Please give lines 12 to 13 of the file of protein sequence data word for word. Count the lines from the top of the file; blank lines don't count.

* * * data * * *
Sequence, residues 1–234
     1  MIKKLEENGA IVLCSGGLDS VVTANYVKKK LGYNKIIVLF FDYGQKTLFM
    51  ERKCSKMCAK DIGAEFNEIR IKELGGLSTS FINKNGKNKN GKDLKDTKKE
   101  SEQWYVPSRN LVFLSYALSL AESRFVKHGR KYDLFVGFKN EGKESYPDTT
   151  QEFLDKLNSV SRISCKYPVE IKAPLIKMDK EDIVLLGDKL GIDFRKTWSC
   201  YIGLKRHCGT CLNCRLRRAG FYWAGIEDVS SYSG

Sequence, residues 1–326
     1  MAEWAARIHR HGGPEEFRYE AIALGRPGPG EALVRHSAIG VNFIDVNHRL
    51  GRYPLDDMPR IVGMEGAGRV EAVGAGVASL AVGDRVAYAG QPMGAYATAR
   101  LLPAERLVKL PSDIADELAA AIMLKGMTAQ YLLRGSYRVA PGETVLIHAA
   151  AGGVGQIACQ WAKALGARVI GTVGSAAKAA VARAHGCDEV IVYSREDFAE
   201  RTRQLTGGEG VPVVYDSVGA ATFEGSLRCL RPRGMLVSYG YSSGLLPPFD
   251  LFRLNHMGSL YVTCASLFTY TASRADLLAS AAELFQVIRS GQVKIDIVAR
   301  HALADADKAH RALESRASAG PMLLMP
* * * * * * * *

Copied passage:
   201  RTRQLTGGEG VPVVYDSVGA ATFEGSLRCL RPRGMLVSYG YSSGLLPPFD
   251  LFRLNHMGSL YVTCASLFTY TASRADLLAS AAELFQVIRS GQVKIDIVAR